Today’s topic: The Secret. Ok, so I’m not going to start rattling off the hidden truths to eternal happiness. But I may just provide a tiny bit of relief for you and your PPC campaigns! In continuation of our goal to “Revitalize Your PPC Campaign in 5 Days,” today I’m going to concentrate on account settings.
Google AdWords, Yahoo! Search Marketing and MSN adCenter all have very important settings that can either hold your pay-per-click project together or bring it crashing to the ground with an “E” for “effort.” If your PPC campaign isn’t going so well, and you need to figure out where things fell apart – check these settings first:
Whether you’re discussing account or campaign level budgets, paying attention to the dollars and cents will go a long way. If you find yourself reaching the 3rd week of the month and suddenly running out of money, you’re probably missing a step somewhere. Implementing daily budgets can help advertisers to strategically plan their spending to remain competitive for the entire month (or any span of an advertising budget).
On the flip side, budgets can be prohibiting. By setting a budget too small, you may well find that your ads are being turned off halfway through the morning completely missing the busiest time of the day! In this instance you need to increase your budgets (or decrease your bids) to maximize your exposure. There are many alternatives to toying with budgets when controlling your spend day to day, week to week. When you decide that increasing or decreasing your budgets no longer affects your bottom line try looking into ad scheduling, delivery settings or limiting how many PPC search engines you employ.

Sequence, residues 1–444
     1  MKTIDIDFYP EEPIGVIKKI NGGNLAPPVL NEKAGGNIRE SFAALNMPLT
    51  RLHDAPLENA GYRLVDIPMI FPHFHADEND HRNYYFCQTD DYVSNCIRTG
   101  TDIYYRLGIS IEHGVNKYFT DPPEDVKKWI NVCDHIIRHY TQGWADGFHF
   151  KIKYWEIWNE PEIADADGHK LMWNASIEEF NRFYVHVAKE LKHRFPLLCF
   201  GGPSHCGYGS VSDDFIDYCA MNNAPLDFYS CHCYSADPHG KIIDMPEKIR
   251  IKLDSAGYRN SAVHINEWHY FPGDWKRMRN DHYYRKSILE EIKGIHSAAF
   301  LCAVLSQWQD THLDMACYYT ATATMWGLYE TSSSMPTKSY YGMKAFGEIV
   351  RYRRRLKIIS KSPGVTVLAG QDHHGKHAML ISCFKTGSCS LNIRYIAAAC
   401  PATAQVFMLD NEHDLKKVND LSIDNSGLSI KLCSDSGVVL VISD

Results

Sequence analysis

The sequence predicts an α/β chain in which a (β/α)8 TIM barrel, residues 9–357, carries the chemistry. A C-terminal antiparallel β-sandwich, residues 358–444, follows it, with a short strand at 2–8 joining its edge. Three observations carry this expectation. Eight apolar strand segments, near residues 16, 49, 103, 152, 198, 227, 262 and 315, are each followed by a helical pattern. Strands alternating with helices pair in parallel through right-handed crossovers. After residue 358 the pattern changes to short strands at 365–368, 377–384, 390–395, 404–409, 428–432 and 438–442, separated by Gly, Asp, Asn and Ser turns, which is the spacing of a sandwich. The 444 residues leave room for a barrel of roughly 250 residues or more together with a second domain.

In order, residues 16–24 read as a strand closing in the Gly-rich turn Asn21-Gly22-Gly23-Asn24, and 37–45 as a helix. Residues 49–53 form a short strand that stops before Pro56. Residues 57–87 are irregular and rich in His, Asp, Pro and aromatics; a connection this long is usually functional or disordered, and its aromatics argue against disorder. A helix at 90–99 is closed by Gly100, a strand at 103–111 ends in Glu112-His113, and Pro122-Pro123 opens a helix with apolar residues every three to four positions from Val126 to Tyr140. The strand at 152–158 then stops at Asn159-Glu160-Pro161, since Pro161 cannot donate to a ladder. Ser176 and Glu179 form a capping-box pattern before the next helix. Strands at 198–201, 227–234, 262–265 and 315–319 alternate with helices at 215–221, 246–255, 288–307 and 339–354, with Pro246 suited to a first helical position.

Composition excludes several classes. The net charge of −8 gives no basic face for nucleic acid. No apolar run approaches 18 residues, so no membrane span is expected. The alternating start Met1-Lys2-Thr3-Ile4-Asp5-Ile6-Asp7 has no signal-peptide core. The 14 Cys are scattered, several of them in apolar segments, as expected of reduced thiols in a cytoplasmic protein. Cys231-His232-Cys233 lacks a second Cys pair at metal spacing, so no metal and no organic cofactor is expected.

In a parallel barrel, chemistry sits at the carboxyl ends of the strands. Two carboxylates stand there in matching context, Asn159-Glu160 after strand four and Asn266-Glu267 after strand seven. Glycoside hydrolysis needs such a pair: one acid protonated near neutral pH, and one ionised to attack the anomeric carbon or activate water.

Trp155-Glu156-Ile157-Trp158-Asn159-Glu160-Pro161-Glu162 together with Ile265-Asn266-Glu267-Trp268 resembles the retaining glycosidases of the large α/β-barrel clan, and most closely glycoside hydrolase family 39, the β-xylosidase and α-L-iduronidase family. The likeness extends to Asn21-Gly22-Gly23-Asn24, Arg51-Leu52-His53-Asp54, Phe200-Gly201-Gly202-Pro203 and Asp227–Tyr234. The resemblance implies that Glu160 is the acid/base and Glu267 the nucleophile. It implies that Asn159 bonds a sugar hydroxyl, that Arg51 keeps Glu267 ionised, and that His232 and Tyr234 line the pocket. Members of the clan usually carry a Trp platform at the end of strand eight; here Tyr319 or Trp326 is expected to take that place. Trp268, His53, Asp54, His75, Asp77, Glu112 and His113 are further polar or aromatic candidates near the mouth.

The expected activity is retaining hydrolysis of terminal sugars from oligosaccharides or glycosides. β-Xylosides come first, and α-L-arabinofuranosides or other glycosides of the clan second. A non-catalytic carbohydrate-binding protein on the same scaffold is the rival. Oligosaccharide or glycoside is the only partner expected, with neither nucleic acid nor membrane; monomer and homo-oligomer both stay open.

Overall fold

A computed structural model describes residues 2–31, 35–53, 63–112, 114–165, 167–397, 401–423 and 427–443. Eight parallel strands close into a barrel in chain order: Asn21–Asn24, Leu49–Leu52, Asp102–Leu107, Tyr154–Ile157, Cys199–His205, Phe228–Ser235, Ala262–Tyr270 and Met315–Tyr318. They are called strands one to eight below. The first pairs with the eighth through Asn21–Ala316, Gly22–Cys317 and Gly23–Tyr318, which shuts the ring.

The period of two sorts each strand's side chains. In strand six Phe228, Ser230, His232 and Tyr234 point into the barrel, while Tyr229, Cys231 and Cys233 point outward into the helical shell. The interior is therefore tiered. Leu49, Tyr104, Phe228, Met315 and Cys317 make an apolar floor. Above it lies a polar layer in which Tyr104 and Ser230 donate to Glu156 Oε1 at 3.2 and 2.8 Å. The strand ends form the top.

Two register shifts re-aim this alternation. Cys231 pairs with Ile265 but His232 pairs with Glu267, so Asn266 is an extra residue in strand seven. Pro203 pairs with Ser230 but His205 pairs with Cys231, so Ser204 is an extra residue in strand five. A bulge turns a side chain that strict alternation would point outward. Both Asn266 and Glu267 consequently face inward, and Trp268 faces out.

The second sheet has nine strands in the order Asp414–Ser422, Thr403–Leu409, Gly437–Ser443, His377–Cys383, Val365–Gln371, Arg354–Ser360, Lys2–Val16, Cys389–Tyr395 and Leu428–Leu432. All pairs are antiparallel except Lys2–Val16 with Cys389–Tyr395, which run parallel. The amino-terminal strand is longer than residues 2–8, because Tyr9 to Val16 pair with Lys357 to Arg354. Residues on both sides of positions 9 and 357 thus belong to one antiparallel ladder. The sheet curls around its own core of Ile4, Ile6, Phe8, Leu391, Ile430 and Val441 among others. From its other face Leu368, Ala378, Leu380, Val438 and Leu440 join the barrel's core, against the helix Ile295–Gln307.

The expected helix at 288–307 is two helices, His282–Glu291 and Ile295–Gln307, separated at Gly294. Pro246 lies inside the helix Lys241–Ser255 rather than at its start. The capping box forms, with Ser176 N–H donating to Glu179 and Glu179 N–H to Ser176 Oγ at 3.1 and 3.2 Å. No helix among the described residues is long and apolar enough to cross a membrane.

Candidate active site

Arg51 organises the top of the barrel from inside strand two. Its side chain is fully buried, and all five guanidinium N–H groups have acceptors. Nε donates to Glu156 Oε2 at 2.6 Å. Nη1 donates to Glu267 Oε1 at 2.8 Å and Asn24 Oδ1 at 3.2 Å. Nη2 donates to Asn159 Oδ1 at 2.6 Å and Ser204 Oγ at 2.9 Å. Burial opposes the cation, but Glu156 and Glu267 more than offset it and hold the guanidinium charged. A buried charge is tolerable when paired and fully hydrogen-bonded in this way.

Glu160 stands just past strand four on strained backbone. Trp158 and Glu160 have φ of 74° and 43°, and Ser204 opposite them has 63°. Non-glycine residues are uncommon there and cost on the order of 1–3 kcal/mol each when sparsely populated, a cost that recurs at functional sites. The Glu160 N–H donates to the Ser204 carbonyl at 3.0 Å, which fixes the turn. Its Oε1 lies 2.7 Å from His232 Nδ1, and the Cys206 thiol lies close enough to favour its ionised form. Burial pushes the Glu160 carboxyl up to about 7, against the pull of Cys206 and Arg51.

Geo-targeting is one of the greatest weapons in a search marketer’s arsenal. Advertising by location just adds one more layer of relevancy! The problem is, all of the PPC interfaces have different methods for targeting and can be potentially confusing. I work with a few clients that have campaigns targeted at single cities. When I reach a point where things simply aren’t working, I revisit my settings. Am I targeting the right country/state/city? Have I closed the “noose” too tight and blocked out potential customers?
In Google, verify that you’re using the correct language for your location(s) and if you may need to customize your targeting. With Yahoo!, verify if the DMA (Designated Market Area) is relevant to the location you’ve chosen. Is it over-stretching your boundaries? Limit the selection to specific cities instead. Why won’t my settings work for the entire campaign in MSN? That’s because geo-targeting is controlled at the ad group level in adCenter!
To optimize or not to optimize, that is the question. Google and Yahoo! both offer the ability to optimize your ads on the basis of a better performing click-through-rate. This would be great if we all lived in a “set it and forget it” world. The advertising landscape is ever changing, and we deal with living breathing competitors every day. Leaving the split testing to an automated system is a bit too much for me.